Jesus’ use of imagery develops the picture further. Jesus says God has prepared him a ‘cup’ (18.11)—i.e., a vessel prophetically associated with divine wrath (e.g., Isa. 51.17, Jer. 25.15+, Hab. 2.16, etc.)—, and Jesus drinks from that cup so his people might not have to, but might instead drink from the cup of divine communion. (‘Are you able to drink the cup I will drink?...Yet the cup I drink you will drink!’) YHWH’s cup of wrath is not, therefore, merely set to one side; indeed, it cannot be (cp. Mark 14.36). Someone must drain it, and drain it right down to the dregs (compare Psa. 75.8, Isa. 51.17, Rev. 16.19). Consequently, Jesus declares his mission ‘finished’ only once he has received Jerusalem’s sour wine (19.29).Relatedly, Jesus associates YHWH’s cup of wrath with YHWH’s sword (‘Put your sword in its sheath! Am I not to drink the cup the Father has given me?’), since, once Peter’s sword is sheathed, YHWH’s is unsheathed (Zech. 13.7, Mark 14.27), not to be re-sheathed until it has been ‘satisfied with blood’ (Isa. 34.6). And satisfied with Jesus’ blood it is, since the first word Jesus says to his disciples in the aftermath of his resurrection is ‘Peace’--a word he repeats three times (20.19, 21, 26) in answer to Peter’s threefold denial of him. At the time of the crucifixion, Jesus’ relationship with his twelve disciples is left in tatters (since the majority of them have abandoned him). In the Son-light of John 20, however, the disciples’ fellowship with their Saviour is restored--their sorrow turned to ‘gladness’ (20.20) and faithlessness to ‘belief’ (20.8, 27–29). The night of judgment is over (Isa. 34). Waters may now burst forth in the wilderness. The Way may be opened wide (Isa. 35).
Penal Substitutionary Atonement is not a theological construct which has to be imported into John’s Gospel; it is hard-baked into the details of his Passion. Just as prophets like Ezekiel and Hosea act out their prophecies, so too does Jesus. He descends into the darkness of the Kidron valley, where he hands himself over to Jerusalem’s authorities in order to allow his disciples to escape. He is led away, first to a priestly courtyard and later to a legal court. He is tried by representatives of the Jewish and Gentile worlds who deserve to die the very death he will die. He is unjustly condemned, acknowledged as innocent by even his judge. And then, as the wrath-filled Passover skies begin to darken, a known criminal is released while he, the Son of God, dies alone, at which point the silence of the Sabbath overtakes the land.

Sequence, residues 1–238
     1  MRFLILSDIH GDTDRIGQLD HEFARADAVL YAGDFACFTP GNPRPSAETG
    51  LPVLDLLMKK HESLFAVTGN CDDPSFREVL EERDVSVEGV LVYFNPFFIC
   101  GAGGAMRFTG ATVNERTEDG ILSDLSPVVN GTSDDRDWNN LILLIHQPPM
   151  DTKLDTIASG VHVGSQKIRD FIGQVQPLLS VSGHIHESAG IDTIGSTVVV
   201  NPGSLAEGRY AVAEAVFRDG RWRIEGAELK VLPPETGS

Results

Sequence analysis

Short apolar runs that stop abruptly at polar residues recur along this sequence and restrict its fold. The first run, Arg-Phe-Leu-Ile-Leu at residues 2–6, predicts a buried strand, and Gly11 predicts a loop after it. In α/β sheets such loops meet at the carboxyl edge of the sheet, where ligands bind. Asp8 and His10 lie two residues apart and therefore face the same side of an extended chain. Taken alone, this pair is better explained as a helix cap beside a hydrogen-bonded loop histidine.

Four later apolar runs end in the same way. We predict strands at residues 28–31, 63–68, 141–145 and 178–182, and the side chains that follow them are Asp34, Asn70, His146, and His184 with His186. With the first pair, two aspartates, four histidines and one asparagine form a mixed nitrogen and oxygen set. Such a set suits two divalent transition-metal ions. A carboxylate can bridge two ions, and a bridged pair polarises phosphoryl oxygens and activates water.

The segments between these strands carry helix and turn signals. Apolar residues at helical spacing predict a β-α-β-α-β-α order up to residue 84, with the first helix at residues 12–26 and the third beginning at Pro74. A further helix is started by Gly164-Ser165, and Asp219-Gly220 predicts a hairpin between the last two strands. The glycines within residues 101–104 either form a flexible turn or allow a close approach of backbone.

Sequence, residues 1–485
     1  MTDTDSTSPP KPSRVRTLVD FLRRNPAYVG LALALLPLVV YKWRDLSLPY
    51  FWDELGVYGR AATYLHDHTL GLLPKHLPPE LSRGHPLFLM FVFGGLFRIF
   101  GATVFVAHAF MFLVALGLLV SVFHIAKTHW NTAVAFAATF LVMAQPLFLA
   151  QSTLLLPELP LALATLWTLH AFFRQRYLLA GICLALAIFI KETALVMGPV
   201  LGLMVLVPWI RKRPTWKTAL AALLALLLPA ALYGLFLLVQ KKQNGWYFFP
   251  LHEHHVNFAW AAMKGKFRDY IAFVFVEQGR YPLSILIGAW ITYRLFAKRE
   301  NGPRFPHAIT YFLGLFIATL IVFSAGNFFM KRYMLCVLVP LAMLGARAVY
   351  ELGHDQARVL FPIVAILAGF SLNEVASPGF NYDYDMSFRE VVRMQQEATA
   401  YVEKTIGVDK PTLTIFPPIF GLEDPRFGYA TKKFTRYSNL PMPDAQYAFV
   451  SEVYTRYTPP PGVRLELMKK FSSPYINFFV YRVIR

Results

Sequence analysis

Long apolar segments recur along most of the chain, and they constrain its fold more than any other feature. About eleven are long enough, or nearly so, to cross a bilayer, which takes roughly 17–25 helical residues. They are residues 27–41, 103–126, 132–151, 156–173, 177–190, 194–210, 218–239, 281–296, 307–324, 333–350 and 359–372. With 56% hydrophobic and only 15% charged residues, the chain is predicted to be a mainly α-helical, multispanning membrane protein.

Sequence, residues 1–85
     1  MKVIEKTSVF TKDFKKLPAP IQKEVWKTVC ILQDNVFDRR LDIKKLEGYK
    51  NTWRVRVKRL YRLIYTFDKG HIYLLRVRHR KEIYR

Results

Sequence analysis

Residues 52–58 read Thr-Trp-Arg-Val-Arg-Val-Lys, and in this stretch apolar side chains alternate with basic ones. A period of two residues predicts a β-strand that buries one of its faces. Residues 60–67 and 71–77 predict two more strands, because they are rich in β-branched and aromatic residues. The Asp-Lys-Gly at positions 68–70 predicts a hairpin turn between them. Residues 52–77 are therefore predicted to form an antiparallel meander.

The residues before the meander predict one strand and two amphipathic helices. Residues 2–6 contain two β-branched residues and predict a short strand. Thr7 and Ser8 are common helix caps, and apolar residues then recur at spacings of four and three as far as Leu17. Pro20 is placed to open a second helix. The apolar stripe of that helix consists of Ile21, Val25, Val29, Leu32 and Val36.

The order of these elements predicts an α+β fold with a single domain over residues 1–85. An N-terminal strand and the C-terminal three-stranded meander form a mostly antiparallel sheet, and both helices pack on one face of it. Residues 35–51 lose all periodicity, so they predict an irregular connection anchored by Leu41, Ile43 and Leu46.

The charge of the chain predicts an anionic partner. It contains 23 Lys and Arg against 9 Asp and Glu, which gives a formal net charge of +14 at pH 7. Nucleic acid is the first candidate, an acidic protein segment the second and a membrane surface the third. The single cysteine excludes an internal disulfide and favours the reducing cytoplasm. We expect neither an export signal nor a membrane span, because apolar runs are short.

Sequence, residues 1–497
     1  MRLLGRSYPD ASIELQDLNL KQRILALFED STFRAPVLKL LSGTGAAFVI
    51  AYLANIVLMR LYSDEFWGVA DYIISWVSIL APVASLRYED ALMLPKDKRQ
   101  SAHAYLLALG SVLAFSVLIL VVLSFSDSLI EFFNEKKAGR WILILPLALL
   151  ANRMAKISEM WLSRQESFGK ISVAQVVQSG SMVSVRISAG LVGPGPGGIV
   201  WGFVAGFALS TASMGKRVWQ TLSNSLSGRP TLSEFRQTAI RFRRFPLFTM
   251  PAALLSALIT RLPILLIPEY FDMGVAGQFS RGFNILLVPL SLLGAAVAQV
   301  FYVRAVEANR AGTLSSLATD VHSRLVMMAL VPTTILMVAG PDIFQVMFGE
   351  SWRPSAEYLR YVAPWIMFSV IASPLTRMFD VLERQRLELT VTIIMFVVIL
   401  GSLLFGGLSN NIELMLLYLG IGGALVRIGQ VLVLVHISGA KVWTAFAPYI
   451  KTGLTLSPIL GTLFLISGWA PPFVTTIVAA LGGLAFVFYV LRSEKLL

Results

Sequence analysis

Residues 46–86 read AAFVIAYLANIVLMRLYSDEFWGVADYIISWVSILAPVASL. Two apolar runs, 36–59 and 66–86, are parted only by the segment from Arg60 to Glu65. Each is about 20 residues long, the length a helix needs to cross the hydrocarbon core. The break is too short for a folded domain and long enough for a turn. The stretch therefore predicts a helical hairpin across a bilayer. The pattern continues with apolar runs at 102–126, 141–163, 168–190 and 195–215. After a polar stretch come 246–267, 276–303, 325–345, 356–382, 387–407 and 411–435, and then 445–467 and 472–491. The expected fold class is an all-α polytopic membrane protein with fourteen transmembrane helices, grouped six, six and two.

Yet, in the silence between John 19 and 20, the God of heaven speaks, and, on the first day of the next week, God raises Jesus from the dead. Jesus ascends into the heavenly realms, where he atones for his disciples’ sins, and returns to Jerusalem to speak words of peace to them. Fellowship is restored, despondency turned to hope, and defeat to glorious victory.
By means of the logic and symbolism of these events, John portrays Jesus’ death as a sacrifice which is voluntary, substitutionary, and penal, and in which God’s wrath against his enemies is expended.
Cp. in particular Leithart’s 2016 paper delivered at the Wilken Colloquium, Baylor University, March 26th 2016, which can be viewed here.
That the role of the Passover lamb is substitionary is abundantly clear. Consider, by way of illustration, the events of the first Passover. YHWH’s destroyer visits each and every house in Egypt, and, unless a lamb has been slain in the firstborn’s place, the firstborn of the house is slain. The Passover lamb thus serves as a substitute: YHWH accepts the death of the lamb instead of the death of the firstborn (Exod. 12.1–13). To put the point another way, either a lamb dies or a firstborn son dies. The same state of affairs is reflected in the next chapter. ‘Each firstborn donkey is to be redeemed at the cost of a lamb (בְּשֶׂה)’, Moses says. If you do not redeem it, you must break its neck’ (Exod. 13.13–16). Again, then, either a firstborn must die or a lamb must die in its place, as the sacrificial system makes clear: atonement comes ‘at the expense of life’ (בנפש) (Lev. 17.11).
Note also how the scene of Jesus’ arrest is referred to simply as ‘the place’ (τοπος: 18.2)---a term commonly employed to denote the location of the Tabernacle in Greek translations of the OT (cp. 11.48 w. Deut. 12.5, 14, 26, etc.).
By way of demonstration, one need only consider the practical effects of atonement. When a sin is not atoned for by the Levitical system, a sinner has to ‘bear his own guilt’--that is to say, he has to suffer the divinely-ordained consequences of his actions (Lev. 5.1). By contrast, when sin *is* atoned for, YHWH’s wrath is ‘satisfied’ in some way. Consider, for instance, Korah’s rebellion. YHWH sends a plague against the Israelites, which spreads through the congregation like fire through a cornfield. Aaron the high priest runs into the midst of the assembly and offers incense to YHWH as an atonement for the people’s sin, and the plague (a manifestation of YHWH’s anger) is assuaged (Num. 11.33, 16.46+). The figure of Aaron thus functions as a barrier between YHWH and the Israelites, which is why the day of Atonement’s events are framed against the backdrop of the events of Leviticus 9, where fire comes forth from the presence of YHWH and consumes Nadab and Abihu (Lev. 9.24, 10.1+, 16.1). YHWH is a fire, the nature of which is to consume, and the purpose of the Levites’ ministry is to shield Israel from its dangers.
Note the specificity of Jesus’ language. The Hebrew Bible refers to one and only one vessel as ‘this cup’, namely ‘this cup of the wine of wrath’ which Jeremiah sends to the nations of the earth (Jer. 25.15). Hence, when Jesus says, ‘Let this cup pass from me’, the referent of his statement is clear.
Hi James. You mentioned on Twitter that you could send me your paper on the atonement. I had mentioned I was a 'fan' of N T Wright's point of view on this. Thanks! email@example.com